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Your fast and friendly physics-based animation system.
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README.md

YapAnimatorLogo

YapAnimator is your fast and friendly physics-based animation system. YapAnimator was built with ease-of-use in mind, keeping you sane and your designer very, very happy. All animations are interruptable, include completion blocks, and allow you to apply forces to them (e.g. adding the velocity from a gesture in a transition). We've included Animatable protocol conformance for some commonly animated types (CG types), but it's really easy to add conformance to any other type. You can animate anything that you can represent and compose with an array of Doubles — view properties, music volume, morphing between bezier paths, colors, smoothing brush strokes, the list goes on… use your imagination!

Build Status CocoaPods Compatible Platform

Why use YapAnimator?

Because it's insanely easy to use and makes beautiful animations, that's why. There are other physics-based animation systems out there (e.g. UIKit's spring animations, Facebook's Pop), but they still require writing too much code, bookkeeping, and hand-holding for our taste. YapAnimator represents a distilled n-th iteration of code that we've been using in our own apps for years. We find it invaluable in our day-to-day and think that you will too.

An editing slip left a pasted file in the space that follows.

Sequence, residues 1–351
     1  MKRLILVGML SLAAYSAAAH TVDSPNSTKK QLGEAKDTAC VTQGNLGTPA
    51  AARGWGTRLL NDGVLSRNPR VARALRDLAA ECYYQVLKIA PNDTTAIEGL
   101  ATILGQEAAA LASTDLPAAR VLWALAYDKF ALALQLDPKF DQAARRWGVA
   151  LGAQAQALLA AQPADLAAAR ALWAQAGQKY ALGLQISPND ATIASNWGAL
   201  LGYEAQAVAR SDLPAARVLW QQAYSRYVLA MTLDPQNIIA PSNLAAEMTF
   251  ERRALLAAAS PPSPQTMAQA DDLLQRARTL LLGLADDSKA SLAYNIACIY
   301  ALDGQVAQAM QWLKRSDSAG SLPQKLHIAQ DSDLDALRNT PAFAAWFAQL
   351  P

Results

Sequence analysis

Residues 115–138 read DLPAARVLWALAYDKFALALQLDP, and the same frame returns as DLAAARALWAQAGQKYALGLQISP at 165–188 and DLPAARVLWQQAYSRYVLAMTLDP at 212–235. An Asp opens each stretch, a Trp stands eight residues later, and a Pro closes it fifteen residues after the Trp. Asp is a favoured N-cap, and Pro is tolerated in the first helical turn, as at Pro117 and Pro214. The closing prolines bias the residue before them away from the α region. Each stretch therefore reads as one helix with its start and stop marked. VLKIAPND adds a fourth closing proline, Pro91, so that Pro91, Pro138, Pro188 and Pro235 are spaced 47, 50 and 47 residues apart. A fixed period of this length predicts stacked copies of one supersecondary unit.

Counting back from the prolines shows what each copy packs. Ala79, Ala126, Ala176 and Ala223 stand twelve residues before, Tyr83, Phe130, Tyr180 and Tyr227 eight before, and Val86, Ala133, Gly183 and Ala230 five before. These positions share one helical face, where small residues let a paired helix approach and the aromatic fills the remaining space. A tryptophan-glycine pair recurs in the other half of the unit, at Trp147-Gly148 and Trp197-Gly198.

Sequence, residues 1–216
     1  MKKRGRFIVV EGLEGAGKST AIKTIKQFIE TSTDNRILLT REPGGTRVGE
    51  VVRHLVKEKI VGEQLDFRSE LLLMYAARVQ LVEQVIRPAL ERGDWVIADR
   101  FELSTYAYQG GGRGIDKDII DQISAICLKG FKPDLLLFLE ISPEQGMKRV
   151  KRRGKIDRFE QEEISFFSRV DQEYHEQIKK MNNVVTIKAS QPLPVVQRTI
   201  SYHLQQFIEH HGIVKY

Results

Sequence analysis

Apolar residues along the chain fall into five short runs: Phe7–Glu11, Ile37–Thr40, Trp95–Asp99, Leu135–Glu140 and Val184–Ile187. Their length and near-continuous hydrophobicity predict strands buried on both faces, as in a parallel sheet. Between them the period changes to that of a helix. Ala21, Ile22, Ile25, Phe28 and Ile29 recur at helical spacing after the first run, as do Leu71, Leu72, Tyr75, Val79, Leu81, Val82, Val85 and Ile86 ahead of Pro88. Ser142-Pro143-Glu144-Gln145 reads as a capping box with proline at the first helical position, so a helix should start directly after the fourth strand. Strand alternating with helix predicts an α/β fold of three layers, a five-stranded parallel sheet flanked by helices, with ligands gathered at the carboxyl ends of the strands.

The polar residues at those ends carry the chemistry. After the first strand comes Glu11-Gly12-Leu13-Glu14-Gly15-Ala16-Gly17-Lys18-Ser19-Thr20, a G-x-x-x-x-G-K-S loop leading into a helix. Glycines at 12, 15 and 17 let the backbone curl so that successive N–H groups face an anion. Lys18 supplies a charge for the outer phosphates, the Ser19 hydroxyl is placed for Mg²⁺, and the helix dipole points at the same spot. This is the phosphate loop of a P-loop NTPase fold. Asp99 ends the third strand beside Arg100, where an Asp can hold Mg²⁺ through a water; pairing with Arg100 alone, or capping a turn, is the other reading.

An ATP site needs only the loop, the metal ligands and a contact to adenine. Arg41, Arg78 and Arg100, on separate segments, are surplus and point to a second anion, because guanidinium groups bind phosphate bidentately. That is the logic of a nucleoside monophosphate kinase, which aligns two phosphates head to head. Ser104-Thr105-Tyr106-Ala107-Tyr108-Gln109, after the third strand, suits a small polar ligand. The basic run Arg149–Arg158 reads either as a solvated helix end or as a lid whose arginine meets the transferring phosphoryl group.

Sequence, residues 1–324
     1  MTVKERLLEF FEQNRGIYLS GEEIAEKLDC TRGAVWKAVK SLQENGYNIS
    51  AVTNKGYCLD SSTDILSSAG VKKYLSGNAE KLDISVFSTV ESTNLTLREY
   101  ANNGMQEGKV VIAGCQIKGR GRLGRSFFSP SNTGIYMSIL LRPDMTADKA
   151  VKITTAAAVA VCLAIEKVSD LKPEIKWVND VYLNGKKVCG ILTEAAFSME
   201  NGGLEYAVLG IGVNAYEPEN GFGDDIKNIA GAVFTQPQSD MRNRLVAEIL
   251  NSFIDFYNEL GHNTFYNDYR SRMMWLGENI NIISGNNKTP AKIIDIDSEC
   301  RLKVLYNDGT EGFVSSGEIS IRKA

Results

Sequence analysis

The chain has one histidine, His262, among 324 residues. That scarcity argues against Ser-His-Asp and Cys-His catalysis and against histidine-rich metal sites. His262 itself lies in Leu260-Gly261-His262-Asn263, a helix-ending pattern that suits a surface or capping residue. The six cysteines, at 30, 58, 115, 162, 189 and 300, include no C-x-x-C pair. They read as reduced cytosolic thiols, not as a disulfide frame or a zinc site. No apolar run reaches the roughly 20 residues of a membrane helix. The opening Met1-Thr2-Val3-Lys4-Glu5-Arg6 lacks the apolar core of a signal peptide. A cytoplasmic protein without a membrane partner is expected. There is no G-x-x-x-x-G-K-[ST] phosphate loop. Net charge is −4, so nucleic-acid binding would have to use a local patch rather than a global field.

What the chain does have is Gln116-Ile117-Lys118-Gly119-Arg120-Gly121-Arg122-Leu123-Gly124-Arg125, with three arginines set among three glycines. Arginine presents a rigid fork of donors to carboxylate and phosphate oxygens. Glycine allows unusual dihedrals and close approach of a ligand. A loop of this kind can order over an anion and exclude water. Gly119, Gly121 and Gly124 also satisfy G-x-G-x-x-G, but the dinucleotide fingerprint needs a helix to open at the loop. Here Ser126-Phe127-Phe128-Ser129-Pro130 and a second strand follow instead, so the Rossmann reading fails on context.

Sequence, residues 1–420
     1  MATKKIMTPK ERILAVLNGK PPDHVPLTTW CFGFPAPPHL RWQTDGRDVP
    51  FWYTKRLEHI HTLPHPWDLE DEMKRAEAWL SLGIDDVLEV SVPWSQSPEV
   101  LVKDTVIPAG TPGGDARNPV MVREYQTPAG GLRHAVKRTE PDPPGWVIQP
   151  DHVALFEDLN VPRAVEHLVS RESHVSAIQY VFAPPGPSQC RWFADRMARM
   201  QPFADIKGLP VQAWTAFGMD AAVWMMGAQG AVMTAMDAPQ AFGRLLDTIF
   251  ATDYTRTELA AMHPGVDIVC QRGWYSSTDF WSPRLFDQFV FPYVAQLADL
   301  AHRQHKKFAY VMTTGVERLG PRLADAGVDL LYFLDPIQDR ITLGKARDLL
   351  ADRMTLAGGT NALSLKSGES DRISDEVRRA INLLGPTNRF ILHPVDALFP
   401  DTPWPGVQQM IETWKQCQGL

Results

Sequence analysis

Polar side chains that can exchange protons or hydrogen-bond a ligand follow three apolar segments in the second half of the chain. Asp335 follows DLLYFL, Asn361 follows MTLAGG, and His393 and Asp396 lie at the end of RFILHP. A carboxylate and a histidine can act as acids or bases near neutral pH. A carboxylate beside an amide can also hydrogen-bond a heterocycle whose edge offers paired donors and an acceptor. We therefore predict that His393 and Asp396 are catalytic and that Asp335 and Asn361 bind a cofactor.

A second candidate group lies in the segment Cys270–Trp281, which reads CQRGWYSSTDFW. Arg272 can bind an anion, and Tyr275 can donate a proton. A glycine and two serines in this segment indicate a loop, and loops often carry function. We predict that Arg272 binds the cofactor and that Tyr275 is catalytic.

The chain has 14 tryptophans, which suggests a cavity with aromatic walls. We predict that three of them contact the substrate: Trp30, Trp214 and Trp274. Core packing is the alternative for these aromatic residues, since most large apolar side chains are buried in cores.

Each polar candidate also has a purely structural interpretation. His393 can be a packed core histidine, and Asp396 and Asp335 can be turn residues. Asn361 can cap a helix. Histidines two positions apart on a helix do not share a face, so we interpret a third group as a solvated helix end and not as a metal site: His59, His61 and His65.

Built-in Extensions

YapAnimator comes with a handy extension bolted on to CALayer and UIView/NSView, providing one-liner animations under the animatedLayer and animated properties, respectively.

CircleAnimationExample

func handle(gesture: UIPanGestureRecognizer) {

	if gesture.state == .began {
		squircle.animated.cornerRadius.animate(to: squircle.bounds.width / 2.0)
		squircle.animated.rotationZ.animate(to: .pi)
	else if gesture.state == .changed {
		squircle.animated.position.instant(to: gesture.location(in: nil))
	} else if gesture.state == .ended {
		squircle.animated.position.animate(to: self.view.center)
		squircle.animated.cornerRadius.animate(to: 0)
		squircle.animated.rotationZ.animate(to: 0)
	}
}

Custom Animators

Creating a custom animator is straightforward:

  • initialValue This sets the initial value of the animator and informs it what type it will be animating.
  • willBegin Called just before motion starts. Return the actual value of the property that you'll be animating. This allows the animator to sync up with that value in case it was changed outside of the scope of the animator. (optional)
  • eachFrame Called each frame of the animation — this is typically where you'd apply the animator's current.value to the property that you're animating. You can also use it to check values to trigger other actions / animations.
frameAnimator = YapAnimator(initialValue: square.frame, willBegin: { [unowned self] in
	return self.square.frame
}, eachFrame: { [unowned self] (animator) in
	self.square.frame = animator.current.value
})

SquareFrameExample

frameAnimator.bounciness = 1.5

frameAnimator.animate(to: square.frame.insetBy(dx: -50, dy: -50), completion: { animator, wasInterrupted in
	if !wasInterrupted {
		// animate back to the original value
		animator.animate(to: animator.current.value.insetBy(dx: 50, dy: 50))
	}
})

Questions?

Feel free to ask your question in an issue. We will respond there, and amend this read me/start a wiki if the answer seems like it would benefit others.

Credits

YapAnimator is owned and maintained by Yap Studios.

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